An Inspiring Rice Vinegar Salad Dressing
I’m looking at the purest red geraniums I’m ever seen, a gift from our kindred-spirit cousins. The flowers reign on my side deck and are cast against a backdrop of deep green lawn and trees. We are approaching the fall season. Less heat. More rain. We’ve even had new snow on Pikes Peak. Early for Colorado Springs.
But right now I’ve been trying to think of what recipe will bring you delight. I decided on my all-time favorite homemade salad dressing. When our three children were still at home, but old enough to take care of themselves, my husband and I stepped out every Friday evening for a date night. Often we headed for a nearby restaurant called Mayfield’s. They had gourmet homemade rolls and a stellar salad dressing. Before the restaurant closed, they gave me the recipe for both, and I make the salad dressing every time we have company and sometimes when we don’t. It’s mild with a slight tang and good!
You will need:
½ cup rice vinegar
1/8 cup lemon juice
1 ½ Teaspoons mustard
pinch white pepper
1 cup oil
1/8 cup honey
Pour all ingredients into a mason jar or cruet. I have a tall Italian looking cruet which is fun. Shake vigorously. (Or you can pour the ingredients into a bowl and beat till blended.)
Food for Thought:
You’re making a salad. You throw different things in the bowl: lettuce, tomatoes, celery, slight onion rings and maybe some craisins. Then you toss it with a salad dressing you’ve made ahead. You’ve made the salad dressing first, one you know pleases, because somewhere deep inside you, you realize it is the salad dressing that makes the salad. It is priority.
I’ve found living life according to well-thought through priorities is a great load-lifter. None of us can do it all. Some seasons of life will dictate different priorities in your cooking and in your life. Soups are more a priority in the winter than in the summer. Pie more a priority during the holidays than other seasons.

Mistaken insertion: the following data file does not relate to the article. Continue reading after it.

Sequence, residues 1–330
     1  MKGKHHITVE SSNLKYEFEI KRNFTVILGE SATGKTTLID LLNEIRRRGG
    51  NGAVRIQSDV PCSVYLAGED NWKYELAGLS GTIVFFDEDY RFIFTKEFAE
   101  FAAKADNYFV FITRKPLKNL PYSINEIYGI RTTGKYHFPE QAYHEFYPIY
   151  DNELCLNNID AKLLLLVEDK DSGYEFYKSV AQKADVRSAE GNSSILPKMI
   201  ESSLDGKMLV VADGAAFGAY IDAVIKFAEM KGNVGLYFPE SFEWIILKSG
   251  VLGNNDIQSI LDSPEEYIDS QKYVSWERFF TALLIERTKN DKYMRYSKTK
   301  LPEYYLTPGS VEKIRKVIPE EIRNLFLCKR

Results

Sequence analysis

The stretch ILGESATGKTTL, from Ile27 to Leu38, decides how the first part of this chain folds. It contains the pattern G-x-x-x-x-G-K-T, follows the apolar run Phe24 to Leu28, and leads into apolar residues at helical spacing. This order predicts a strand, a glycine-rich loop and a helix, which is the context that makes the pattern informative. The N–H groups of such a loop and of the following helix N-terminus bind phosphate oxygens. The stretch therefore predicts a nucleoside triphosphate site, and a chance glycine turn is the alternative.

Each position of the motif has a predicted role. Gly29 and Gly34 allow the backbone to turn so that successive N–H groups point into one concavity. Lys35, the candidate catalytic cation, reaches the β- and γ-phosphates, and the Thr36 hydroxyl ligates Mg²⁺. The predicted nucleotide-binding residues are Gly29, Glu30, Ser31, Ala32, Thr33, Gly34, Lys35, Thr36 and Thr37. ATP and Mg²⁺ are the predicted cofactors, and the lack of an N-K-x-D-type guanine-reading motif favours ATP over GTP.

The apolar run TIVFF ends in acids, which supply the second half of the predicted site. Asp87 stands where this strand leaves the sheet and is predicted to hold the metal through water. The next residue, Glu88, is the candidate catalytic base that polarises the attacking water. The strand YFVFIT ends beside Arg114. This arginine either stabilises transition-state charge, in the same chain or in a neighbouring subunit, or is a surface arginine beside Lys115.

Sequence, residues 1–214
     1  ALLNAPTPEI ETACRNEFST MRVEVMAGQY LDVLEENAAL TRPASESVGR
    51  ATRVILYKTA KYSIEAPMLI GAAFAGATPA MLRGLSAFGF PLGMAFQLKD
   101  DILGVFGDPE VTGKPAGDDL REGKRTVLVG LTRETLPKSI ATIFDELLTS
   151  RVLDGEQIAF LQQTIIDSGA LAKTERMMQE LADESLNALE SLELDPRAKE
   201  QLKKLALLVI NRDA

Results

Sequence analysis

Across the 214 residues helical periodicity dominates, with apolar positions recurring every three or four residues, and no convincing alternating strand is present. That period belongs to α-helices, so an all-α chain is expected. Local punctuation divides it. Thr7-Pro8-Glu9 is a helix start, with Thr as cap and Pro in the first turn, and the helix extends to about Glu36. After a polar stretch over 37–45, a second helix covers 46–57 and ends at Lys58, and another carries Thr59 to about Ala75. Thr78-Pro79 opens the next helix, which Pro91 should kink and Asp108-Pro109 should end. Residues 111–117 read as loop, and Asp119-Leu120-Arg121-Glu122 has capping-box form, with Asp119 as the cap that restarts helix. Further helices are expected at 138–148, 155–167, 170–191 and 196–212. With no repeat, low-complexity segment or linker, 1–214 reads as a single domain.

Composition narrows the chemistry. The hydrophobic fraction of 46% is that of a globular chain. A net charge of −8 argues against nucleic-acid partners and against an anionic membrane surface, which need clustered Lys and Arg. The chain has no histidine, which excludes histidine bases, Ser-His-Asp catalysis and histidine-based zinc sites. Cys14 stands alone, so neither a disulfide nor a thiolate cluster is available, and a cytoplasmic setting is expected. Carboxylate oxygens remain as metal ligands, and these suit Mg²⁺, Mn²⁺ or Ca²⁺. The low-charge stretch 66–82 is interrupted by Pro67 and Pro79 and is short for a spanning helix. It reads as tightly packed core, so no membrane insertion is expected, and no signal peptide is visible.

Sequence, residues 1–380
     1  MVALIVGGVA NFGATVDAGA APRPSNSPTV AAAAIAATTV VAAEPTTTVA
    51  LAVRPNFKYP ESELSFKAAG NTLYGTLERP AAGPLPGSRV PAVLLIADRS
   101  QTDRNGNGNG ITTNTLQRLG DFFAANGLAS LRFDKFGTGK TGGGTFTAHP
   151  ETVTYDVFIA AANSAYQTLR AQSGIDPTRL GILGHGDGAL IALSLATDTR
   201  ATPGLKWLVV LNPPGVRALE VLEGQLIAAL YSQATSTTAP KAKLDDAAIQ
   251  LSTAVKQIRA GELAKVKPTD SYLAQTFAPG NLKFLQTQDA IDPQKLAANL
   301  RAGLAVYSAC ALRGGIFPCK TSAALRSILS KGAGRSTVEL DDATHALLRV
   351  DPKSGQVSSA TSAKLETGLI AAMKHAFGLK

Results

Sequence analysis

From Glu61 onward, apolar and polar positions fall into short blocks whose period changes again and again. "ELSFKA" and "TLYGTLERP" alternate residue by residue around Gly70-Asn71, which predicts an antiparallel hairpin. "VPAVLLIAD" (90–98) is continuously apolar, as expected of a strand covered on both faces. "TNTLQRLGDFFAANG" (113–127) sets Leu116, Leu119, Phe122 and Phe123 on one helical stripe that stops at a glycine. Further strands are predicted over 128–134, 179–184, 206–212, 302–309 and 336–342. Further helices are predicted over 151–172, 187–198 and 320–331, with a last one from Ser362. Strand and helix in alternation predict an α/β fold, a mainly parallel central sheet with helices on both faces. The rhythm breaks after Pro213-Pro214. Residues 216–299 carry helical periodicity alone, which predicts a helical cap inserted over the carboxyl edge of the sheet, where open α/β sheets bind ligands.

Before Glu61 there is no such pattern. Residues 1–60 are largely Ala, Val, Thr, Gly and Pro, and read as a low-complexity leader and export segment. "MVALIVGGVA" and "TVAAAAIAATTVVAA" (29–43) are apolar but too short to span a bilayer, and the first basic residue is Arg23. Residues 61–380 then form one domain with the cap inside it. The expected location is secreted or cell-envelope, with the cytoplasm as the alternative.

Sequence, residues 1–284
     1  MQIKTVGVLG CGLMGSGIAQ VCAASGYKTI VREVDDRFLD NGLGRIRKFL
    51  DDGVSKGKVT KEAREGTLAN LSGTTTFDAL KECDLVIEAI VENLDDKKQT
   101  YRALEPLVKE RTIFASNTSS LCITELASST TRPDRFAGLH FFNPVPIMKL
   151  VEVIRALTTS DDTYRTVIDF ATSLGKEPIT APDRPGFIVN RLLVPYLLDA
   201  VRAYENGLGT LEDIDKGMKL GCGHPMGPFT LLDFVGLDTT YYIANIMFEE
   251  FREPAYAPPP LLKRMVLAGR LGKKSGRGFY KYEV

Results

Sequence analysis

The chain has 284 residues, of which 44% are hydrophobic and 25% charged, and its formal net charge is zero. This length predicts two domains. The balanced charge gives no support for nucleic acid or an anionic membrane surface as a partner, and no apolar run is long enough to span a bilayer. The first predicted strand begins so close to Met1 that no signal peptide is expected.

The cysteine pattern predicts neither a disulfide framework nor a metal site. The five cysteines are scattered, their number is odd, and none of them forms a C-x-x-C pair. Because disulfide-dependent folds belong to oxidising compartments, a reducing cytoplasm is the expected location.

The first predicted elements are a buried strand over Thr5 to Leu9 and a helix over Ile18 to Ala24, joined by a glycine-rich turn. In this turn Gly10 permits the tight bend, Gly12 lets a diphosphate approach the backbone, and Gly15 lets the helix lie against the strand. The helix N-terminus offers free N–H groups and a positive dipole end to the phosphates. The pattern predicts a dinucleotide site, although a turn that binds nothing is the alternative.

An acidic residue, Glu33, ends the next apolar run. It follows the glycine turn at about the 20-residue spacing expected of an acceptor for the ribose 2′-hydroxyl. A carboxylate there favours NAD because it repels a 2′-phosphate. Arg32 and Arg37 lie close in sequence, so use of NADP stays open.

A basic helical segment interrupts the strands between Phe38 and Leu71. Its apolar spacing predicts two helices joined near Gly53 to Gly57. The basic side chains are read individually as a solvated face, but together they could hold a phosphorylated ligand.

As you move into an older season of your life, you may realize it’s time to cultivate new friendships and renew old ones. Or it may be time to tend to that root of bitterness which is starting to grow within you before it gets out of hand.
Then there’s the dailies. We wake up in the morning of what bodes to be a busy day. A thousand things are rolling around in our heads. But the top priority, the one that will make the day, is time with the Lord. Even if it’s only ten minutes, say, seven minutes reading the Word and three minutes praying, it will make a difference. I think it was Martin Luther who said that when he had a busy day, he spent twice as much time with the Lord. When we do this, Jesus gives the strength and insight we need for a truly successful day.
When our three children were little, I would ask the Lord each morning: what one thing do you want me to do today? What is your priority for me? At the end of the day, if all I got done was that one thing, I felt before the Lord, it had been, a successful day.
Another hint for ferreting out the priorities is to make a list of things you feel you need to do that day, then rearrange the list in the order of what is priority. Here’s an example from my life.
- Go to the grocery store.
- Give three hours to part-time job (for me, writing my novel and keeping up the blog)
- Pay bills
- Write my compassion child
- Make my husband’s favorite dessert
- Pick up makeup from my Mary Kay lady.
- Mail letter to Stephen.
- Order books.
When I rearranged it, according to priorities, this is the way it looked:
- Part-time job (Blog is overdue)
- Walk (I didn’t exercise yesterday.)
- Mail letter. (reimbursing my son for purchasing my new Magic mouse)
- Pick up Make-up. (I’m totally out, and tomorrow is Sunday and church.)
- Order books. (Need one for a gift and two for me, I’m out of books to read.)
- Write my compassion child. (It’s been too long.)
As far as making a trip to the grocery store, I realized there wasn’t anything I needed that day. The bills weren’t due for three weeks. I decided to wait until Labor Day to make my husband’s favorite dessert. Then it could do double duty. The whole process of prioritizing a list was enlightening. I felt a load lifted.
Matthew 6:31 and 33 give us overall guidelines for setting priorities as we seek to walk with Christ. “Do not worry then, saying, ‘What will we eat?’ or ‘What will we drink?’ or “What will we wear for clothing?’. . . But seek first His kingdom and his righteousness, and all these things will be added to you” (NASV).